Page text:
It's about the happy little, well, not quite so little, Cardoza family of Anapolis MD. Father Cardoza quit his seat as the region's representative in the House last summer. Gathered around the fire at Yuletide watcdhed CSPAN, Dr. Mama Cardoza asks the Great Man, "Aren't you glad you're not there?"

It's a touching little scene, just like they teach you in features class, I guess. 'Remember,' the instructor/editor says, 'tell me a story.'

OK. But how about it being the right story? Or at least not completely backwards?

Cardoza is still there. He quit last summer not to join the Los Angeles-based law firm of Manatt, Phelps & Phillips, LL but the lobbying firm of Manatt, Phelps & Phillips, LL. If choosing the correct word and brevity still means anything at all in journalism he is not "a nonlawyer consultant for Manatt, Phelps & Phillips, which has a client base in health care, finance, technology, energy and transportation, among other fields."

He is a Washington lobbyist. The only photo that could tell this story would be the one of Cardoza the Shrimp Slayer/Pimlico Kid's ample posterior disappearing through a revolving door shere such animals go to graze behind closed doors after they've done their damage in the public's name.

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It's all one thing

Submitted: Jan 08, 2013
By: 
Badlands Journal editorial board

There is much to study in the weekend's financial news but we came away with one new insight about an old problem: as public debt grows, public services decline; as public services decline, less taxable revenues are circulating, which makes the problem worse and worse. Today we see Gov. Jerry Brown, who won his tax increase, deciding how to spend it -- on services or on buying California out of debt. Or what mixture of the two? A good question because the human debt in terms of lost quality of life, opportunity, education and health also grows albeit at a different rate on compound interest on public debt. Financial bankruptcy is not the only kind of bankruptcy.

When debt becomes the top profit center in an economy, we suspect that economy is approaching its demise. The debt just keeps growing, the concentration of finance, insurance and real estate special interests keeps increasing so that fewer and fewer are reaping the rewards from the Debt Boom (untouched by corrective legislation) and, where it particularly interests us, it all brings more direct pressure on the environment and laws, regulations and agencies charged with protecting it. A stark example is in California, where the governor refers to the California Environmental Quality Act as "the Thing," and is planning to weaken it, no doubt with the help of the Democratic Party super majority in the Legislature, in the coming legislative session. Meanwhile, indicator species like the Delta smelt spiral down to extinction.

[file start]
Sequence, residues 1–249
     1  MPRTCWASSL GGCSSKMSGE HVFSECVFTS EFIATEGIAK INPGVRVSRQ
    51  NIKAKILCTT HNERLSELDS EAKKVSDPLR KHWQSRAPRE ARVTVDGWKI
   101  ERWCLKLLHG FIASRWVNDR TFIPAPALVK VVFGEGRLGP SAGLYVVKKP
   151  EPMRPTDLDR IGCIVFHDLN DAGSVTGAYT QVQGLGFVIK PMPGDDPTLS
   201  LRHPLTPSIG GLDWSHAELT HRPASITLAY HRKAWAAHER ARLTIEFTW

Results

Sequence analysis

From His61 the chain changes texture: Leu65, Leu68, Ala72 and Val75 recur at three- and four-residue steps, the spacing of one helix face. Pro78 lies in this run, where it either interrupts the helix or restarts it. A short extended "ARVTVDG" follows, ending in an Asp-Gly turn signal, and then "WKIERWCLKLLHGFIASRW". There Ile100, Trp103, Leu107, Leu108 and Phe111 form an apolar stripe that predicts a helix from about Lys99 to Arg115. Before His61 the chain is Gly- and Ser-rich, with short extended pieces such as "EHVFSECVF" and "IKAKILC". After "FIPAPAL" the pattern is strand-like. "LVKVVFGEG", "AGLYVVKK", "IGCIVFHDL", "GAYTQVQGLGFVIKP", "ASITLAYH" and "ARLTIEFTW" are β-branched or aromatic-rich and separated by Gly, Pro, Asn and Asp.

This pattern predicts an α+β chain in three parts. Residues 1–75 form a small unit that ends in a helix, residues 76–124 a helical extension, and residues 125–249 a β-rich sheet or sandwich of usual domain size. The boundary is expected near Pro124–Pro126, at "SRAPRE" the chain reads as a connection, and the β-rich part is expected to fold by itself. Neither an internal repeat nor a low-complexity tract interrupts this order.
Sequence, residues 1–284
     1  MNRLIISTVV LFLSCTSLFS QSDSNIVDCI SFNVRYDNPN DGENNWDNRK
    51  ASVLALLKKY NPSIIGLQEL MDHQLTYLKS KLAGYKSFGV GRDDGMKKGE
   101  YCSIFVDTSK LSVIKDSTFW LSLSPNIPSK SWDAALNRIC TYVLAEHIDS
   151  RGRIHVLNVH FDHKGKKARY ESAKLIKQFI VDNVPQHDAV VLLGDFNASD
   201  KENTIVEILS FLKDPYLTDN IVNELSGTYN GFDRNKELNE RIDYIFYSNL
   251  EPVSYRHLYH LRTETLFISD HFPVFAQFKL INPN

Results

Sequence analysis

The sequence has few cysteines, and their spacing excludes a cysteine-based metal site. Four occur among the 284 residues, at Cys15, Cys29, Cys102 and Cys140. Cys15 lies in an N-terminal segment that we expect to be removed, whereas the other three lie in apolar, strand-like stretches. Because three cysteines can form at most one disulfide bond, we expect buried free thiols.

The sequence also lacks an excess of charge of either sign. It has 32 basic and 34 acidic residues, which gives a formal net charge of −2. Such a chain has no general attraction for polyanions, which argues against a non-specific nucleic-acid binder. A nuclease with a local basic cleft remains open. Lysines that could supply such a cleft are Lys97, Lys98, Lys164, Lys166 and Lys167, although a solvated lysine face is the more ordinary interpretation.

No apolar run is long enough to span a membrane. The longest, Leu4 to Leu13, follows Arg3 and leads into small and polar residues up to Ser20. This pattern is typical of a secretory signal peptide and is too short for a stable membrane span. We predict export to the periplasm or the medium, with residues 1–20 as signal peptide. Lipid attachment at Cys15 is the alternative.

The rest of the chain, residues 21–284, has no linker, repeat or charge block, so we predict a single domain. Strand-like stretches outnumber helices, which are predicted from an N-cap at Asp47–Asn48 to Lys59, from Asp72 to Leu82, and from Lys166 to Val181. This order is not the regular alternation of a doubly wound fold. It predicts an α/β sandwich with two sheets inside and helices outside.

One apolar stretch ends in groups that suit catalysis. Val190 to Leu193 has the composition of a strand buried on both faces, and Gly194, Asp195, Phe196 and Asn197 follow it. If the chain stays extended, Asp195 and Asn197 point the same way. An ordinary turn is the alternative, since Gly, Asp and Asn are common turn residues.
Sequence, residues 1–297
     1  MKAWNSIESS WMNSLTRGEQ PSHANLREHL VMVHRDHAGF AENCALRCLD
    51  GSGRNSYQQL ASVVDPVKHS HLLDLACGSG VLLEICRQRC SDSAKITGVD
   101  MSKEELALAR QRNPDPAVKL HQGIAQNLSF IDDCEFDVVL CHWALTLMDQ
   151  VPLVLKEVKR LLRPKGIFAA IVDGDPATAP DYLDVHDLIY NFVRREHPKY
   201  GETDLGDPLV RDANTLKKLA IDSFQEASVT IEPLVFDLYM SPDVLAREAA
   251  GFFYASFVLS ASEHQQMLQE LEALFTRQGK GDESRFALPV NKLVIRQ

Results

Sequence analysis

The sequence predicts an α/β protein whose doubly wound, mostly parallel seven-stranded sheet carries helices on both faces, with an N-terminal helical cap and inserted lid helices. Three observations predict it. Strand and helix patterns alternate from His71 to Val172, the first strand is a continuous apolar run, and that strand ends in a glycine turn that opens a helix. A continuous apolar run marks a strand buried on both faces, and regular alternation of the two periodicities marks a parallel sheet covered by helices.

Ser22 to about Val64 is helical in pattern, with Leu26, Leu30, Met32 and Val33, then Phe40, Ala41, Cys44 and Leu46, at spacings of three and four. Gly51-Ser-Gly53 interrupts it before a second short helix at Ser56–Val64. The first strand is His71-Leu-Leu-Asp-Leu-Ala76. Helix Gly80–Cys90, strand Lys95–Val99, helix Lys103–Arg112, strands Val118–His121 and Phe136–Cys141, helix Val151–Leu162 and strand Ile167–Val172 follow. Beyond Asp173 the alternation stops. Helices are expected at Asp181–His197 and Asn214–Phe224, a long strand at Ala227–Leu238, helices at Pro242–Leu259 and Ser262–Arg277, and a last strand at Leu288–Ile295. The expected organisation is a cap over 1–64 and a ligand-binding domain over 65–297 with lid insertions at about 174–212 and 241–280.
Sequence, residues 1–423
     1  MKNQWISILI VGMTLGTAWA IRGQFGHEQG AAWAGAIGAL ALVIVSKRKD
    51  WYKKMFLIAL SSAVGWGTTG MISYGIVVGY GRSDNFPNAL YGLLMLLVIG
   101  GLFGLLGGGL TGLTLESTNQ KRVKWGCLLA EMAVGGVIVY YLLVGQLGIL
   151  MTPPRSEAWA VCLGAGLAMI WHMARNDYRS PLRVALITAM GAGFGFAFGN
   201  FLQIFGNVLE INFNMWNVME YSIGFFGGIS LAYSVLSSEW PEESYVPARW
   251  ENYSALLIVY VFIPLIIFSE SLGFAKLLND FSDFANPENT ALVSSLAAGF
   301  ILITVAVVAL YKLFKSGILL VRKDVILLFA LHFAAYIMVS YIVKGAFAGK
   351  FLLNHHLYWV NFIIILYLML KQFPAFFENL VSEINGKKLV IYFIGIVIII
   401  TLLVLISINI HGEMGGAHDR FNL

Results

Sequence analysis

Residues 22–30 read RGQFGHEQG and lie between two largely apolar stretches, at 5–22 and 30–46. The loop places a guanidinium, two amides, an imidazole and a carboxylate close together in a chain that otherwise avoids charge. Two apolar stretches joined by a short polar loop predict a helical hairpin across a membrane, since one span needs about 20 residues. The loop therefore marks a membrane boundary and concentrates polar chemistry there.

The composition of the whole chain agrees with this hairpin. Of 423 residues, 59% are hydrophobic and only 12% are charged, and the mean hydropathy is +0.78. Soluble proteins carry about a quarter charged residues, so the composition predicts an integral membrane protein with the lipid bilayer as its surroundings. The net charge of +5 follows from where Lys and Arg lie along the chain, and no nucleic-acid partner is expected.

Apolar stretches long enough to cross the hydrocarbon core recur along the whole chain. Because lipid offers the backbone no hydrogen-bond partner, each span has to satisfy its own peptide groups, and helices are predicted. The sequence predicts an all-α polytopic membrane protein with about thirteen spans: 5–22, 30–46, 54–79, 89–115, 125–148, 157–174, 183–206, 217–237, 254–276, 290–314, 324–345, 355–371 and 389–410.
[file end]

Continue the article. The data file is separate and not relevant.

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New tools for grave digging

Submitted: Dec 29, 2012
By: 
Badlands Journal editorial board

A few tools for digging our own graves
Submitted: Dec 29, 2012
By:
Badlands Journal editorial board

Cities with highest unemployment:

    El Centro, Calif. 27.2
    Yuma, Ariz. 23.7
    Merced, Calif. 16.9
    Yuba City, Calif. 16.8
    Fresno, Calif. 15.7
    Modesto, Calif. 15.5
    Stockton, Calif. 15.5
    Visalia-Porterville, Calif. 15
    Hanford-Corcoran, Calif. 14.7
    Madera-Chowchilla, Calif. 14.3

Cities with the lowest unemployment rates were as follows:

    Bismarck, N.D. 2.8
    Fargo, N.D. 3.1
    Lincoln, Neb. 3.2
    Burlington-South Burlington, Vt. 3.7
    Sioux Falls, S.D. 3.8
    Iowa City, Iowa 3.8
    Ames, Iowa 3.8
    Logan, Utah 3.9
    Mankato-North Mankato, Minn. 4
    Midland, Texas 4.1

(www.californiacitynews.org, 1-4-12)